Genomics, transcriptomics, proteomics and in silico procedures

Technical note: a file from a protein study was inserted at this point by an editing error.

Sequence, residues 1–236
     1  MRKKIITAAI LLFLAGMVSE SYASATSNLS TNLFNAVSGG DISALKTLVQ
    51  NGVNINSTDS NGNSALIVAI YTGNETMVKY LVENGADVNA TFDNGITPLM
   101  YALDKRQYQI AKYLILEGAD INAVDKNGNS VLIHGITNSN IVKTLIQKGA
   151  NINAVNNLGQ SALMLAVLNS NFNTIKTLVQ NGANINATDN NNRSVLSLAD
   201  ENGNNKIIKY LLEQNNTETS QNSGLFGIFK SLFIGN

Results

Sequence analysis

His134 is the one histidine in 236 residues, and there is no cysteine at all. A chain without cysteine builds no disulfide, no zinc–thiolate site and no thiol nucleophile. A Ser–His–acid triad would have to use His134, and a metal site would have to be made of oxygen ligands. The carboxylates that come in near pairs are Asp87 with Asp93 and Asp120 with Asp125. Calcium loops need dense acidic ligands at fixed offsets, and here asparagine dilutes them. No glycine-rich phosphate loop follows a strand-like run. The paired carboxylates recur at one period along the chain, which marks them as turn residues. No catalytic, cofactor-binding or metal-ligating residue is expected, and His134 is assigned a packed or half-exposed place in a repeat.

For 16S ribosomal RNA (rRNA) gene tag sequencing, primers S-D-Arch-0519-a-S-15 and S-D-Bact-0785-b-A-18 covering the v4 region (Klindworth et al., 2013) were used and extended with MIDs of 7 to 10 bp in length for multiplexing. PCR was performed using 25–125 ng template DNA and the Phusion High-Fidelity PCR Master Mix (Finnzymes, Thermo Fisher Scientific, Waltham, MA, USA) with the following protocol: 30 s initial denaturation (98 °C), 30 cycles of 10 s denaturation (98 °C), 30 s primer annealing (66 °C) and 12 s extension (72 °C), and a final extension step at 72 °C for 10 min. The amplicons (approximately 300 bp in length) were purified and pooled, an end-repair step was performed, adaptors for PGM sequencing were ligated and the resulting ion torrent libraries were sequenced on the PGM platform using 400 bp read chemistry. A total of 14 samples taken at different time points were sequenced yielding 729 581 reads. After demultiplexing and filtering with trimmomatic (Bolger et al., 2014; quality >20) and mothur (Schloss et al., 2009; bdiffs=1, pdiffs=2, minlength=250, maxlength=350, maxambig=0, maxhomop=8), 349 170 reads remained. These were classified to the assembled 16S rRNA gene sequences, one for each bin, with USEARCH (Edgar, 2010) at 92% and 97% identity thresholds. Number of Operational Taxonomic Units (OTUs) were determined for each sample and each clade by clustering with USEARCH at 97% identity. The RNA samples were fixed immediately with RNAlater (Ambion, Austin, TX, USA). Two-milliliter cultures were used to extract DNA or RNA (Zhou et al., 1996; Smith et al., 2007). The isolated DNA and RNA were sequenced with the Ion Personal Genome Machine (PGM) System (Thermo Fisher Scientific, San Francisco, CA, USA) on 316 and 318 chips, respectively. The combined reads of all three DNA samples were assembled from the sff files generated by the Torrent Suite software 2.0.1 with the GS De Novo Assembler 2.6 (454 Life Sciences, Branford, CT, USA default settings for genomic DNA). To recover 16S rRNA genes, an additional assembly was performed (Fan et al., 2012). Briefly, the complementary DNA option was selected during sff files loading, the ‘Minimum overlap identity’ was set to 99%, and ‘Extend low depth overlaps’ as well as ‘Reads limited to one contig’ were selected. Contigs were binned using tetranucleotides with MetaWatt with its most relaxed settings, as previously described (Strous et al., 2012). Binning yielded four bins, representing three of the five abundant clades (for one of the clades, two bins were detected, see Supplementary Figure 1). Detection and phylogeny of 16S rRNA genes was performed as previously described (Hanke et al., 2014). Abundances of all clades were estimated on the basis of sequenced DNA and RNA by mapping sequencing reads to the assembled contigs with BBMap (http://sourceforge.net/projects/bbmap/, k 13, minid 0.6). For the two clades that assembled poorly (clades E and F), genomes of closely related bacteria were used as the template for mapping (D. salexigens, Genbank CP001649 and BioProject PRJNA246767/Bin A). The assembled contigs were annotated separately for each bin with prokka (Seemann, 2014). Transcriptional per-gene activities were computed for all predicted open reading frames (ORFs) from the mapped transcriptomes by dividing (number of reads mapped to ORF/ORF length) by (total number reads mapped to all ORFs in bin/total length of all ORFs in bin). This way, a transcriptional activity of 1.0 corresponded to the average transcriptional activity. For Bin D (Vibrionales), less conserved regions of some key genes were assembled incompletely. For those genes, gene completeness was validated independent of assembly, by performing blastx of all reads (both transcriptomes and metagenomes) against the genome of a related reference organism (Vibrio tubiashii). RNA was extracted from the culture at two different time points during tidal cycling shown in Figure 1, RNA1 at 0.3 h, at the peak of the oxygen profile and RNA2 at 2 h, the base of the oxygen profile, and from anoxic (RNA3) and oxic (RNA4) incubations of filtered cells shown in Figure 4, at 0.0 mm and 0.3 mm O2, respectively.